Indeed there will. And why? While Remainers have been doing their damndest to thwart Brexit the EU has been preparing for No Deal:

    Other no-deal preparations
    In addition to implementing the EU’s no-deal preparedness legislation, Member States have also made their own plans to mitigate the impact of ‘no deal’ on their economy, trade, business, services, transport and a range of other sectors. Many have planned border and customs adaptations, for example. Those with major ports (e.g. Belgium) and significant trade with UK (e.g. the Netherlands) have provided extra border infrastructure and new technology systems, and recruited extra customs or veterinary staff (e.g. France, Ireland, Poland, Netherlands, Spain). Portugal is planning to open special lanes for UK tourists at airports.

    HT @RuthLeaEcon

  14. I think the EU has been playing fo a no-deal all along, and is likely to get this.

    They’d not have agreed to the Art 50 extension if that were the case.

  15. BiND

    This is horrific. Basically, the politicians in the UK are incapable of doing their jobs. If the EU can out-manœuvre us, what hope do we have? Maybe we should get our strimmers out and march on Whitehall

  16. Trump is under the misconception that UK Gov’t is still an allie; Frankfurt School stooges May et al have decreed we’re not. We’re Sino/RoP allies; disagree – as most do – and the thought police will arrange for you to be bricked and lock you up – see TR

    Islamic Call for Prayers held at Wembley stadium last night for 1st time ever
    https://www.youtube.com/watch?v=ROjJo95KQrM

    TR: Milkshakes: A good test: go up to a policeman, throw a milkshake over said policeman and see if they find it funny

  17. “You mean the way Remain set out what they saw as the way forward for the EU they were campaigning to Remain in? ”

    Oh, come on! That’s obviously just “stay in the big superstate which we have every year less influence over”!

  18. Thing to remember in any negotiation is it’s not a zero sum game. The value each side puts on each negotiation point will be different because both sides are trying to achieve different aims. So a good negotiator will not only be trying to maximise the advantage for his own side but also maximise the advantage for the other side, at the least cost to his own. Trying to work towards the sweet spot where both sides get the maximum benefit from the negotiation.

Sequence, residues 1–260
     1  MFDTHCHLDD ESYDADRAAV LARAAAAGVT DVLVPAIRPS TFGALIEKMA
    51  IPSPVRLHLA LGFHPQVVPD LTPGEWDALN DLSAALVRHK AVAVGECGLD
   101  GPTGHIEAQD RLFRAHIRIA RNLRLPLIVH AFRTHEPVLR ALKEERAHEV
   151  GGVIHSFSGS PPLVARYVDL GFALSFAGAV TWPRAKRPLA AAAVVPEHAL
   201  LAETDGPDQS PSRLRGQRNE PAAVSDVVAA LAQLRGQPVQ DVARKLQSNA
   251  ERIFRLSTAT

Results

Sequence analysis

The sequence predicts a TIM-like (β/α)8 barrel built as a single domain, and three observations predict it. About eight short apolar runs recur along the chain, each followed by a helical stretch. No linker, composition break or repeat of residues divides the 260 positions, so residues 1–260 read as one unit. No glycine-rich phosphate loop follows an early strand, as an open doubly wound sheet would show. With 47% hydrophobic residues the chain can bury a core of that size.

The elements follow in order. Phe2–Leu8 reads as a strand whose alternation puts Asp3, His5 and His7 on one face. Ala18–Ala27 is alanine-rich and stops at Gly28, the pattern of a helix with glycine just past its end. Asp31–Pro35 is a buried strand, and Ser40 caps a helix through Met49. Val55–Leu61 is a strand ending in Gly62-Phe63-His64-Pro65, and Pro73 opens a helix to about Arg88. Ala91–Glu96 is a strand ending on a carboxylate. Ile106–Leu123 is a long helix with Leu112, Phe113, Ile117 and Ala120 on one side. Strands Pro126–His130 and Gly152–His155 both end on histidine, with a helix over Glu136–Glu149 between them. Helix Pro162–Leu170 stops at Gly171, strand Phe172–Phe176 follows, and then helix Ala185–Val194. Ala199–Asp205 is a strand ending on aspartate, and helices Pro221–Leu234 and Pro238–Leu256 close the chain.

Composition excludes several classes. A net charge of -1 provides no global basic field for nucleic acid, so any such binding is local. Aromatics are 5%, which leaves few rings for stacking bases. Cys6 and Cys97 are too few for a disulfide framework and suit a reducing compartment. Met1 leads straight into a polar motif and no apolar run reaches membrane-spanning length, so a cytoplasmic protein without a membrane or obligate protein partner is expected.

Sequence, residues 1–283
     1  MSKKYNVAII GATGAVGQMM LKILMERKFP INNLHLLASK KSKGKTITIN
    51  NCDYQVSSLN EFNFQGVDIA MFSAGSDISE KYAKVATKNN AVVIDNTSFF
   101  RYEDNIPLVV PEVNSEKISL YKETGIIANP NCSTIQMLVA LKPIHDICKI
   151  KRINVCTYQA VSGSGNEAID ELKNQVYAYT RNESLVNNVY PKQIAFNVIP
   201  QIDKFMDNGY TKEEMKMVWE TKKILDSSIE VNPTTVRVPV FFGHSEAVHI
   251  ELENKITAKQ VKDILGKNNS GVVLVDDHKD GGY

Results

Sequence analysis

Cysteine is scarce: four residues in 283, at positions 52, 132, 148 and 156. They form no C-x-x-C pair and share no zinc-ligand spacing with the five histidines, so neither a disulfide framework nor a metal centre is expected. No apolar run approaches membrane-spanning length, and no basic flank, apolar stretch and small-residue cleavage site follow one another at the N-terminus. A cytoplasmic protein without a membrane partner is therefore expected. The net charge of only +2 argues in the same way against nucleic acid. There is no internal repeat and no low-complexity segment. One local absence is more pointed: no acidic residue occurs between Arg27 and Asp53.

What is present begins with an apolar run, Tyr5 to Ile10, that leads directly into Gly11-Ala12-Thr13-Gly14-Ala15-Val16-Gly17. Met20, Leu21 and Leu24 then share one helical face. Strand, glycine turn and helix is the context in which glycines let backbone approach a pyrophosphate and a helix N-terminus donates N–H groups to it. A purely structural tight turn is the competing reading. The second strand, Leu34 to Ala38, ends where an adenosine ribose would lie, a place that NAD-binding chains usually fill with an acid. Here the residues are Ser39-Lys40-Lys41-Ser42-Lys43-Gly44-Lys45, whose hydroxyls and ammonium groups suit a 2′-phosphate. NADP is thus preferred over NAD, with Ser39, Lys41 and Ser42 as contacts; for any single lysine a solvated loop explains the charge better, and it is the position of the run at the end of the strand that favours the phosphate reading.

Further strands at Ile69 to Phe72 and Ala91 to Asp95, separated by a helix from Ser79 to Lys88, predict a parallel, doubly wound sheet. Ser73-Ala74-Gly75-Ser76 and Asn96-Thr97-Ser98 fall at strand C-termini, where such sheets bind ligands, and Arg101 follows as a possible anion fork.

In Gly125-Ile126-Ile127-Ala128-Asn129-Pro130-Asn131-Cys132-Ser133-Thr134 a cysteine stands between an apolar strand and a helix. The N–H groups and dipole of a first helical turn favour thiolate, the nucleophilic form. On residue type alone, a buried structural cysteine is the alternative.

I do have some sympathy with Gavin Longmuir when he says ” It has been the abject failure of the doughty Brexiteers over the last 3 years to build on their narrow plurality in the referendum and swing the opposers and doubters over to support for separation from the EU ” The Brexit side did seem to regard their victory in the Referendum as having won the war rather than as an opening battle in what would be a long campaign. If they expected the Remain side to “play fair” & accept the result, they were incredibly naive. There was obviously a coalition between all players in the political establishment to try & stop Brexit because they’d all campaigned for the Remain side. The time to start the Brexit Party was the day after the referendum result, not three years later.

  19. “That’s obviously just “stay in the big superstate which we have every year less influence over”!”

    Its obvious to you, and obvious to me, but did the Remain campaign ever mention such things once? Did they use them as positives to gather votes? ‘Vote Remain for a Euro Army’, ‘Vote Remain for No UK Rebate’ ‘Vote Remain for a Common EU Tax Policy’ ‘Vote Remain for more countries entering the EU and populations being allowed to come to the UK’? Or did they keep shtum on the whole future direction of the EU thing in order not to frighten the horses? Did they imply that remaining meant everything stayed exactly the same as it is now and would always be so?

    I think we know the answer to that. The entire Remain campaign was a litany of fear about what would happen if we voted Leave, and not one word was spoken about the wonderful future in the EU we could expect if we voted Remain, because there wasn’t one, at least not one that would inspire the UK electorate to vote to stay at least.

  20. “The Brexit side did seem to regard their victory in the Referendum as having won the war rather than as an opening battle in what would be a long campaign. ”

    And what exactly could they do in this campaign? They had very few MPs, weren’t the Government, and had no voice in the Civil Service either. So how exactly could they have influenced things? Going round the country having meetings? ‘Come on chaps, I know you just voted to Leave, but you must come along to our rally all about how important Brexit is, and how we must formulate our plans to implement it, even though we have zero say in anything the Government does, and have no access to the Civil Service either’?

    The Brexit vote was like a school headmaster giving his pupils a vote on whether to have uniform or not and assuming he’d win it. And then reneging on implementing the outcome because he lost. Would you blame the winning pupils for not having continued their campaign, having won the vote? When the failure to implement their vote lay entirely at the feet of those in charge refusing to accept the outcome?

    This a a clearcut case of the Establishment picking up the ball and going home with it because they’re losing 3-0. There is nothing the other team can do about it.

  21. “Steve Baker being interviewed after he quit as a DXEU minister, he describes how the Canada plus deal they were working on was sidelined by Mays WA”

    One of the most interesting events from the past 3 years has been May sudden switch. One day we had sensible red lines and her dept for leaving preparing a Canada style plan; then out of the blue the WA designed to bind the UK to the EU tighter and more permanently was suddenly her strategy. And one pursued despite the enormous harm to her reputation, the parties polling, etc.